Being low income means you can’t always afford to buy your kid everything they want, everything you’d like to give them, or sometimes even everything they need. It means depending on the kindness of others, sitting in Women, Infants, and Children (WIC) and Supplemental Nutrition Assistance (SNAP) offices, and experiencing judgement from those who just don’t know. After all, not knowing what it's like doesn't keep people from making comments. In fact, you wouldn’t believe some of the awful things people say to low-income moms, but you need to know. Everyone should know. According to the National Center for Children in Poverty (NCCP), an estimated 43 percent of children live in low-income families. For those children, and their parents, these hurtful comments are commonplace, and that needs to stop, like, yesterday.
For the first year and a half or so of my son’s life, we struggled. Not as much as I’ve seen some folks struggle, to be sure, and I've always tried to keep that in mind when dealing with my own financial difficulties. For example, I knew a couple who would let their daughter wear diapers until they were so full she’d have an accident, not out of neglect, but because they just couldn’t always afford them. I was lucky to get by on government aid programs like Medicaid, SNAP, and WIC, and I was lucky to have parents who allowed me to live rent-free in their home for a period of time. In other words, I was lucky to have safety nets in place.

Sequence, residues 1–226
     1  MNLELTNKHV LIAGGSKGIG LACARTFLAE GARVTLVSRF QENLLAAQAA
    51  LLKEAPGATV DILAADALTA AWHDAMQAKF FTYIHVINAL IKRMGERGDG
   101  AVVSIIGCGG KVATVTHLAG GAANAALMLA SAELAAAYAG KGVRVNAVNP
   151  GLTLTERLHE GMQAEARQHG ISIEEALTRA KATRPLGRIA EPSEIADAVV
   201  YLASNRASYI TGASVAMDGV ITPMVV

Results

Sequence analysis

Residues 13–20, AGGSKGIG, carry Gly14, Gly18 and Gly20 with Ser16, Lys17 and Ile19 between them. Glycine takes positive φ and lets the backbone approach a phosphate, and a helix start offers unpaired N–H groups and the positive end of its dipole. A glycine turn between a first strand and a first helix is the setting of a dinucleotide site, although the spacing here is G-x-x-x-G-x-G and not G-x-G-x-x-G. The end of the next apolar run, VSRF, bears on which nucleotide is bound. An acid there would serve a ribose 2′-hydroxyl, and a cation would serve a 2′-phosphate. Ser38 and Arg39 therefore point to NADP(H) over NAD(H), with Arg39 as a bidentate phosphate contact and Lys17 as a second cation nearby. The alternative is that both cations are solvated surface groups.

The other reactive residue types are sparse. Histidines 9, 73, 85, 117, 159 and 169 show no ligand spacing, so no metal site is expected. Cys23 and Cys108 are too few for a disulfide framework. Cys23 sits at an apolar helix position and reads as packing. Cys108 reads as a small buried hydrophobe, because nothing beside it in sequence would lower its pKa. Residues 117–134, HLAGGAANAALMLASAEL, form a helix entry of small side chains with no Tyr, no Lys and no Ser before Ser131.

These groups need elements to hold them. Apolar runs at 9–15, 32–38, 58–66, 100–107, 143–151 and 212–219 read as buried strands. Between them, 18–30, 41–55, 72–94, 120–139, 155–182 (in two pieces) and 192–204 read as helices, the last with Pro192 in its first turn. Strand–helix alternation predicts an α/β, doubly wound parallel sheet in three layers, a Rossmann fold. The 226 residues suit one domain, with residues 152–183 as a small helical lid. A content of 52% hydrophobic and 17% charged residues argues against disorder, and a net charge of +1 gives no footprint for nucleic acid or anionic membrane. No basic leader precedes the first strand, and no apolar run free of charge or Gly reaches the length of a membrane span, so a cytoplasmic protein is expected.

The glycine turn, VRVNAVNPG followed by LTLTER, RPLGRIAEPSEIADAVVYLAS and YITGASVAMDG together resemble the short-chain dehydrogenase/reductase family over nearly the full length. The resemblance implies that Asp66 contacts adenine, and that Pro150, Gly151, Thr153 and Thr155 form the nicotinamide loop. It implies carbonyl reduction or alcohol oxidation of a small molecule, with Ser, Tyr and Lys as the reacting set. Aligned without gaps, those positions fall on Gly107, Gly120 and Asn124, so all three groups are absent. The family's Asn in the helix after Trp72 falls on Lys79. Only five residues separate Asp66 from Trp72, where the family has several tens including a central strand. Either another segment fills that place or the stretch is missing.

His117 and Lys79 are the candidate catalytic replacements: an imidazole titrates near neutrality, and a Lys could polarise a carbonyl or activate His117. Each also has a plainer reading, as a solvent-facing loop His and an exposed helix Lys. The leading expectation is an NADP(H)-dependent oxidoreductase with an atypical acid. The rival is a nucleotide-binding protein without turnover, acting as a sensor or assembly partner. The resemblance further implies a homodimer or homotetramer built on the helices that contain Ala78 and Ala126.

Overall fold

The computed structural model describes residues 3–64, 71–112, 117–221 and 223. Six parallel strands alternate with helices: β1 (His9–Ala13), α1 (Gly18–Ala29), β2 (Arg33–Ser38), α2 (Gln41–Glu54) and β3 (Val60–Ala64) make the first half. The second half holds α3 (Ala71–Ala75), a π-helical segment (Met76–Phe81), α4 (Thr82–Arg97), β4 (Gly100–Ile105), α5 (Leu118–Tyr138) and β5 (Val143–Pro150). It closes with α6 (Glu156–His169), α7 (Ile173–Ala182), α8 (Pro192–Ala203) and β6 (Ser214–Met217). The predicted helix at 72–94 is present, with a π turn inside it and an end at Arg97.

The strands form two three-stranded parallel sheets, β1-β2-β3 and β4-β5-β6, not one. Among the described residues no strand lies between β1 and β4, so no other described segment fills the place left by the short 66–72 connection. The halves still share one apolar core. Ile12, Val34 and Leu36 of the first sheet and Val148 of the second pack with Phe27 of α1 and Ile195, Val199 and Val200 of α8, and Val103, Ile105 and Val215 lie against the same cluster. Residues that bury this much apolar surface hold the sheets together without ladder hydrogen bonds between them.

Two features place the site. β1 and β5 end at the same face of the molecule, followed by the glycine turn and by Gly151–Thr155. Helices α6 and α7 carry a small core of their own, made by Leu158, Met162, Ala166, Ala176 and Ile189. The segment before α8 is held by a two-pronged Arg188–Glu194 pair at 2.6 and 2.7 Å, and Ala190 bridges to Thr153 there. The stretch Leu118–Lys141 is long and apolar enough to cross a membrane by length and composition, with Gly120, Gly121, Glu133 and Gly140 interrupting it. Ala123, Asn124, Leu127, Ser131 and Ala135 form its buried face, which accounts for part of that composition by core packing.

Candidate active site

But my financial hardship wasn't due to being reckless. My partner and I lost a child to prematurity, which resulted in a number of financial issues, including losing our apartment. Then I was fired from my job when I got pregnant with my son, because my employers refused to accommodate my high-risk pregnancy. I was basically at the mercy of a string of bad luck that hit me and my partner in a short amount of time. Honestly, though, how I became a low-income mom shouldn't matter. Instead, people should stop judging low income parents and practically requiring them to "explain themselves" in order to get an ounce of understanding. No one should feel less than because of the amount of money sitting in their bank account, and no one should have to hear the following things when they're doing everything they can to provide for their children: